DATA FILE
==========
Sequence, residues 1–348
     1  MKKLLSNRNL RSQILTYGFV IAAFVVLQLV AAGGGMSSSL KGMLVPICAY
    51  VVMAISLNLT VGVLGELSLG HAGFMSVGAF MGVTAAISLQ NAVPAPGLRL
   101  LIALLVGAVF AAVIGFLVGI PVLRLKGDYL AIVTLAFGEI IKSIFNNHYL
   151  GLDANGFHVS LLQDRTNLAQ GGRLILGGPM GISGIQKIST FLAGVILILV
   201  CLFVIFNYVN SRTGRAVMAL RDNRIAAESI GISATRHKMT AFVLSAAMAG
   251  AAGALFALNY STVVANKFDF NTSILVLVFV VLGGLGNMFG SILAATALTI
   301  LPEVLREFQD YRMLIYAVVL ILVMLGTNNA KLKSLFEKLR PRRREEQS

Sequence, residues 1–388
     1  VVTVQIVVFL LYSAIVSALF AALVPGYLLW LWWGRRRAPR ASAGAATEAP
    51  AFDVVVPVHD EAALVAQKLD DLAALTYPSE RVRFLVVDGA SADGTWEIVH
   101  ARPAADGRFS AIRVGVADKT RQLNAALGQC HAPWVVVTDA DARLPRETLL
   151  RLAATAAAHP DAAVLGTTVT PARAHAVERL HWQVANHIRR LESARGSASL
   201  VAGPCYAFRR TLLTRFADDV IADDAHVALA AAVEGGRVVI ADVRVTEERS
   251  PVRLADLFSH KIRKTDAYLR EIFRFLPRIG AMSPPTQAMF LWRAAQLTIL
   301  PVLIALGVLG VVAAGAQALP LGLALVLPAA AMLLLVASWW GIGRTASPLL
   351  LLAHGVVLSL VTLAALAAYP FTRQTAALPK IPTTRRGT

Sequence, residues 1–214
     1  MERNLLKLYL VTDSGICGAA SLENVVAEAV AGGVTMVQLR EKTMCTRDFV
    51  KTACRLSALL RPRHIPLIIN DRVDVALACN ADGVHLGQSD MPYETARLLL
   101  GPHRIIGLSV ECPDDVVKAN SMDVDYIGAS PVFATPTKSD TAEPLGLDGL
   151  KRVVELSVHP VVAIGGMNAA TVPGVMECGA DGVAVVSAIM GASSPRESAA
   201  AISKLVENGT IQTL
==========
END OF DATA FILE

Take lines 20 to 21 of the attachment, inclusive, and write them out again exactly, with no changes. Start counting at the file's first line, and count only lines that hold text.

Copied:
    51  KTACRLSALL RPRHIPLIIN DRVDVALACN ADGVHLGQSD MPYETARLLL
   101  GPHRIIGLSV ECPDDVVKAN SMDVDYIGAS PVFATPTKSD TAEPLGLDGL